Christmas is round the corner and I thought I would share with you this festive stuffed breast of lamb that my mother used to cook for xmas eve when it was only us around the table. I much preferred it to the turkey she roasted when my grandmother, aunt and uncles joined us. She used the same stuffing for both, a highly seasoned mixture of rice, meat and nuts and she occasionally varied on the breast by using a neck or a shoulder. Both neck and shoulder have more meat on them but the breast (a large, triangular piece of flat meat that lines the ribs) is delicious even if a little too fatty. Anyhow, there are two ways of stuffing it: one is by folding it in half over the stuffing and the other is by creating a pocket between the skin and the rib meat and filling it with the stuffing. In both cases you sew the edges to encase the stuffing.
I can’t remember when my mother moved to Balluneh. I wasn’t happy because I loved our huge appartment in Beirut in a 1920′s building but it had been squatted during the civil war and even though my mother had gotten rid of the squatters (who were neighbours), she no longer felt safe there. So, she bought in Balluneh, away from the chaos of Beirut and close to her brother. I didn’t like the place at first but I do now, for all kinds of reasons including Qal’at el-Rumiyeh in neighbouring Qley’at where they rear their own lambs to serve the best nayeh ever — the only better nayeh is up north in places like Ehden where they make it with goat meat. They also have the most amazing view as you can see from the picture above. And whenever I visit, my mother knows that lunch at Rumiyeh is the first thing I want to do. It was no different this time except that we were joined by my sister and her husband, a rare couple who are still mad about each other nearly 40 years, 3 children and 2 grandchildren later!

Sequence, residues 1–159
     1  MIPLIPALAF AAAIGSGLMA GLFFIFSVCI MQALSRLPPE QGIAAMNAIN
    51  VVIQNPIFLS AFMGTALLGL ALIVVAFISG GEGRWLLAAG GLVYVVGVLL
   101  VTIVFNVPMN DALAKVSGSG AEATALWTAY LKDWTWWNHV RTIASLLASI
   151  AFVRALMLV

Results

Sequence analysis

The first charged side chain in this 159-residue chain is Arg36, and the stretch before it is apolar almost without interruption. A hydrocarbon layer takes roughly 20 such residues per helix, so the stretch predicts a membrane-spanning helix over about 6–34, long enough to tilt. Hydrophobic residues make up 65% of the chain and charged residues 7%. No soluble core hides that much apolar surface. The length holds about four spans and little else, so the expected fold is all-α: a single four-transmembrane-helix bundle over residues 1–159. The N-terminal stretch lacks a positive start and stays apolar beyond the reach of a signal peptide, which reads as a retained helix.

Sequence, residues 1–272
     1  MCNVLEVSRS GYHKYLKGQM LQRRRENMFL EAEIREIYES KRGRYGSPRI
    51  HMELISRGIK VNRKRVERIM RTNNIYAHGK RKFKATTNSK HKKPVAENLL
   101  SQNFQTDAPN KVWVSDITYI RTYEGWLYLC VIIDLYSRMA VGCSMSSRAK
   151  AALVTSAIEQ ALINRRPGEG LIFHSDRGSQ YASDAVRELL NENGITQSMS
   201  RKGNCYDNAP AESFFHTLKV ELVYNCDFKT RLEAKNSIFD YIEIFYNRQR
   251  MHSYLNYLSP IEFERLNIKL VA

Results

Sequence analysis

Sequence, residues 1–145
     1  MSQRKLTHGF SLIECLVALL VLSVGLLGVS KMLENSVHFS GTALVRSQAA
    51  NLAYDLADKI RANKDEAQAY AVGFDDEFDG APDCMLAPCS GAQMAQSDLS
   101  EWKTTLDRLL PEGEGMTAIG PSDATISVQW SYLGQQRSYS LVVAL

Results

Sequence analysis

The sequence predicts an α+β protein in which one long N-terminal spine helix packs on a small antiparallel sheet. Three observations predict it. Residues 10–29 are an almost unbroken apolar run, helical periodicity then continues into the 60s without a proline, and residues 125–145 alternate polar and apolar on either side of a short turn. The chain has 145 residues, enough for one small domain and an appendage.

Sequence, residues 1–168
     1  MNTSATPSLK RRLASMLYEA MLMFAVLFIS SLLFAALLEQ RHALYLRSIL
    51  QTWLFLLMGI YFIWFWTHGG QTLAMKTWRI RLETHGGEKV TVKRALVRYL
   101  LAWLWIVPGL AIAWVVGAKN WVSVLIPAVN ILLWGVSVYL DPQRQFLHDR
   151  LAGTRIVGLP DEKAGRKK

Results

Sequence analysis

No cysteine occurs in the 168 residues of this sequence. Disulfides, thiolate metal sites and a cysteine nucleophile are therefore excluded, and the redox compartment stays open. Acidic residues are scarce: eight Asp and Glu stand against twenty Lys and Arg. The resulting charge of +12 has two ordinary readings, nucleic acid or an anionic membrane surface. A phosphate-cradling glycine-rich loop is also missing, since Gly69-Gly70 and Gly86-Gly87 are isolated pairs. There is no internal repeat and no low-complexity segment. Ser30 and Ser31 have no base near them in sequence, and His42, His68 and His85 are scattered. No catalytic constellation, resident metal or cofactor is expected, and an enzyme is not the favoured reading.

My Lebanese adventures, which I crammed into an incredibly short time, continue with another fabulous meal, this time centred around one of my favourite delicacies. Some of you will decry this post but as much as I would like to be caring for the environment, there are a few things I find hard to resist. Foie gras is one and the other is ‘assafir (tiny little birds called bec-figue in French because they feed on figs). The season is August/September when the figs are ripening and there is one particular restaurant in B’hamdun outside Beirut, Halim, that specialises in them to the point that it closes when the season is over (at least this is what my sister says). I have written about Halim before but this time the ‘assafir were truly superior, and this because I was lamenting the fact that no one served them with their heads on like they did in the past.
Just back from visiting my mother in Lebanon and because I hadn’t been for nearly two years, it was a rather nostalgic visit. I did things that I used to do when I lived there like going to the bakery to make manaqish for breakfast. It wasn’t any of the bakeries of my youth in west Beirut because my mother now lives in Balluneh in the mountains but I love Emile, her new baker, just as much as I loved our bakers in Hamra even if Emile doesn’t use firewood. His dough is wonderful though and people bring their own topping or filling (a very common practice in Lebanon) for him and his worker to shape and bake manaqish, fatayer and lahm bil-ajine.